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Universities have an important role to play in cultivating global citizens who care about other places. The Food in Culture and Social Justice Program’s Intercultural Learning Community (ILC) does precisely this, while also accommodating students’ demanding term-by-term schedules. Through cross-cultural dialogue, collaboration, and experiential learning, participants share their passions for food and social justice while also developing their knowledge, social networks, and capacity for engaging food systems issues as global citizens rooted in local realities.
Most recently, the ILC brought together a multicultural group of 18 people (undergraduate and graduate students, faculty, and community members) from the United States and Ecuador. Participants were selected based on their ability to enlighten the group about some aspect of the food system and their generosity of spirit. In all there were nine participants from each country, who completed a preparatory course, FCSJ 454/554. International Perspectives on Food Systems, and worked together to plan activities for each trip segment. In September, the Ecuadorians journeyed north for the ILC’s Oregon portion; in December, the group convened in Ecuador.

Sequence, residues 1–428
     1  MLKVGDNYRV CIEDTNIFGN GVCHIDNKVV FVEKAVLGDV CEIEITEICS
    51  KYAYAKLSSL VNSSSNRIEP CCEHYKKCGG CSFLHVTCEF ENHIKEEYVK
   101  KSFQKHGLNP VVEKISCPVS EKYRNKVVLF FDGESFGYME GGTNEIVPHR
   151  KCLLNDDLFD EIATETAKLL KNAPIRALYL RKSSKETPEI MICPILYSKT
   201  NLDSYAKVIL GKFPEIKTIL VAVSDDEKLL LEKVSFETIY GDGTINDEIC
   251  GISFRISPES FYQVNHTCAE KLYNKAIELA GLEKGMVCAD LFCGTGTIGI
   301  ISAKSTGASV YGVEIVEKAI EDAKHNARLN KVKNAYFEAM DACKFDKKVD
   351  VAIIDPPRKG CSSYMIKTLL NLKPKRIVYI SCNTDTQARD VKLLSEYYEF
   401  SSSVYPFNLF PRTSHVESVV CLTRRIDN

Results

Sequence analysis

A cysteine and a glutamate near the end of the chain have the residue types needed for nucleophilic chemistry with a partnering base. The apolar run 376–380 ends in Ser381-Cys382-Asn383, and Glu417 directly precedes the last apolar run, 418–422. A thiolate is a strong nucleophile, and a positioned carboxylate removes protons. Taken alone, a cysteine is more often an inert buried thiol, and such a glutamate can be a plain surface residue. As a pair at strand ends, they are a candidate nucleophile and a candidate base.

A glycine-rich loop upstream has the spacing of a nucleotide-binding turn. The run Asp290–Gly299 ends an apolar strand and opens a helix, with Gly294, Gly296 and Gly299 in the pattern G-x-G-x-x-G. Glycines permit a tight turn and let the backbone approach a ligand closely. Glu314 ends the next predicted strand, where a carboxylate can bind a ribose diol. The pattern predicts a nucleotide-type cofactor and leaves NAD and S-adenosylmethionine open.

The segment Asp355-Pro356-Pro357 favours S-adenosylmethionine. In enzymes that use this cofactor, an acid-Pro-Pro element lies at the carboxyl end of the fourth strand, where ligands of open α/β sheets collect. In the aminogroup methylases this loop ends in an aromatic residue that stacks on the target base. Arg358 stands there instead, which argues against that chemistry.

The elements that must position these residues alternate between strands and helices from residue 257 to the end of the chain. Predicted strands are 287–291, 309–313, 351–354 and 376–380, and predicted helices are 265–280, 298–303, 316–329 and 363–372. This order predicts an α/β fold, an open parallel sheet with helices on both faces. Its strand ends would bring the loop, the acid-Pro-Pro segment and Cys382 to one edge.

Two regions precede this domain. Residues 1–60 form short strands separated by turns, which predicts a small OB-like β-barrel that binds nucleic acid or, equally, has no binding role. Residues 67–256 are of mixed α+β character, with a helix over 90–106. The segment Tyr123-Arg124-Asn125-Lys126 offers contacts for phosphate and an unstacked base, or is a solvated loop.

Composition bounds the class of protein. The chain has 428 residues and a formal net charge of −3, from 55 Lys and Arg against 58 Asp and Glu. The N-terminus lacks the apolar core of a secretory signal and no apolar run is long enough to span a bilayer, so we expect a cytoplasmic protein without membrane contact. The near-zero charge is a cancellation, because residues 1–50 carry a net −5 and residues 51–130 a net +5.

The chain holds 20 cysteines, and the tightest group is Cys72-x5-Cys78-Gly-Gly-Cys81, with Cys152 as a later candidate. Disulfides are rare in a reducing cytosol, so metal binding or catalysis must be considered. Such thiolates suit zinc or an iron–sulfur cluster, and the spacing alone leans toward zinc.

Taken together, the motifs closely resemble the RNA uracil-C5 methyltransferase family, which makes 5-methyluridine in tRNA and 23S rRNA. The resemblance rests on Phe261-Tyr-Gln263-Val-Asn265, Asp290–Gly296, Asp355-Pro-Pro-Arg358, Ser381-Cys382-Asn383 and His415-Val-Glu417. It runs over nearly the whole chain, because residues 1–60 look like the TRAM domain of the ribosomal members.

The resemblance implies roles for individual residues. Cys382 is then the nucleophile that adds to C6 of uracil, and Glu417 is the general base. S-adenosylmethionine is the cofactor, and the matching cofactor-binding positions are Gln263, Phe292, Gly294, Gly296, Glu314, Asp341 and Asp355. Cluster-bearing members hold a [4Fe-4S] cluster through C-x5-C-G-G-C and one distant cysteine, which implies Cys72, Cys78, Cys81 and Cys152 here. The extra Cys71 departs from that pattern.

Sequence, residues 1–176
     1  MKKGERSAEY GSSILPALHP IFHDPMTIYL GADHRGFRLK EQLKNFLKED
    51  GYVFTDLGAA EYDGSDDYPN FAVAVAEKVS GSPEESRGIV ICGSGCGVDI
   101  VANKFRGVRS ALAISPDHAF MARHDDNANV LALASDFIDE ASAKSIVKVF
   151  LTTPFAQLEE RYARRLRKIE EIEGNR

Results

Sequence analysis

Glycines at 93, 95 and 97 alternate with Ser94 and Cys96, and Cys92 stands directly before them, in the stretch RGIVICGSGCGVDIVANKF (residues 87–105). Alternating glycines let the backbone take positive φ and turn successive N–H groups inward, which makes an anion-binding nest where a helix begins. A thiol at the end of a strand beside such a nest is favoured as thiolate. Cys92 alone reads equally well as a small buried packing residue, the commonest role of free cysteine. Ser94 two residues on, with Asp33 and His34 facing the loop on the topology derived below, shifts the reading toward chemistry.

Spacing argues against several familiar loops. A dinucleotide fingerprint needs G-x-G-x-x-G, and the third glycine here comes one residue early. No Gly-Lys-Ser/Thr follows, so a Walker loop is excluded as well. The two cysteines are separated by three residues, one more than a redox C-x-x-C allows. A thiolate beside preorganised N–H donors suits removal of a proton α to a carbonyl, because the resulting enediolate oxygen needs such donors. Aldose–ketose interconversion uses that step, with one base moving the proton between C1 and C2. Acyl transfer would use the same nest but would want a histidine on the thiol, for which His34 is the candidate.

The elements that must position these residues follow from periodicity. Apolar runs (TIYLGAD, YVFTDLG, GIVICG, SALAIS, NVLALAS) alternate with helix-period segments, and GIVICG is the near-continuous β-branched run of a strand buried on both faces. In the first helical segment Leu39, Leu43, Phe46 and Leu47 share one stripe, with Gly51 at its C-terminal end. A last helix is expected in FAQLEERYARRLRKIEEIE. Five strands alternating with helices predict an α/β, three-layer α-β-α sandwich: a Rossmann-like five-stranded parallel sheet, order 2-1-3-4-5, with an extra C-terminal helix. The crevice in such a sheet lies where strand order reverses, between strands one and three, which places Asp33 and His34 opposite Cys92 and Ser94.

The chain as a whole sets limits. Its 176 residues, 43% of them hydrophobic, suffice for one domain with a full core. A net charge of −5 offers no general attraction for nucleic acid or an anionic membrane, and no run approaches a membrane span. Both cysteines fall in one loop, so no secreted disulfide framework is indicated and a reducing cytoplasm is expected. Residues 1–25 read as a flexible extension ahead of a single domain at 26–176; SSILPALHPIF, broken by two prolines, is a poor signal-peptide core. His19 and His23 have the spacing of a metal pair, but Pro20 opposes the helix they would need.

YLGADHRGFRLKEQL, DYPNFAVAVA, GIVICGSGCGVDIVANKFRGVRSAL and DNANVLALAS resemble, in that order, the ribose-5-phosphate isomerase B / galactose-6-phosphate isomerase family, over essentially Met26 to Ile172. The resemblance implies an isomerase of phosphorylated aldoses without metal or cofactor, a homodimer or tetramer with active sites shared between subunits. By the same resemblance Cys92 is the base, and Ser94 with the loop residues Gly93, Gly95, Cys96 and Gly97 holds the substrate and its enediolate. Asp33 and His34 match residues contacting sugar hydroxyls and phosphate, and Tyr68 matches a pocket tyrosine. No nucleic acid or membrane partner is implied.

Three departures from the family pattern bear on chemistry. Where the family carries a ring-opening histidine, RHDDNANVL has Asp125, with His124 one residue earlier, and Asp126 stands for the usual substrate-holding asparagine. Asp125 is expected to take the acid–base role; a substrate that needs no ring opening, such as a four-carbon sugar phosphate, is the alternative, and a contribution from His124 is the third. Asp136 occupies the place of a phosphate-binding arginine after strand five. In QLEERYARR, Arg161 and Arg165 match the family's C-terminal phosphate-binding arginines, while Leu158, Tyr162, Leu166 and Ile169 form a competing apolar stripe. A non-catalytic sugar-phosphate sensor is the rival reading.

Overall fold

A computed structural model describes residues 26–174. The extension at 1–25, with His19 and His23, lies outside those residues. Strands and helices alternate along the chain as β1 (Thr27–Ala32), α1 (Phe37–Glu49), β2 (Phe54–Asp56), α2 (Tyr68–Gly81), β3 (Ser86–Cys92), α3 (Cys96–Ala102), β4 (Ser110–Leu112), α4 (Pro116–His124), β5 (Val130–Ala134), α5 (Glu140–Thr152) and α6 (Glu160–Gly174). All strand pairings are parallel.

Oregon and Ecuador were excellent choices for achieving the ILC's goals and are alike in more ways than one might first guess. They are similar in size and situated on the Pacific coast, both have volcanic mountain ranges and diverse ecosystems, and each ships food into the other; Oregon wheat is exported to Ecuador while chocolate, bananas, and coffee make their way from Ecuador to Oregon. Perhaps most importantly, both countries have strong activist food movements.
Together ILC participants explored a number of themes including food sovereignty vs. food security, public policy and its implementation, organic vs. agroecological farming, methods of certification, plant breeding, cooking, school food, colonialism and decolonization of indigenous food, spiritual connections to the land through food, gender roles in food, and rural-urban and university-public relations. Going forward participants are working on co-authored publications, conference presentations, an internship, and even a documentary film (check out the trailer, below).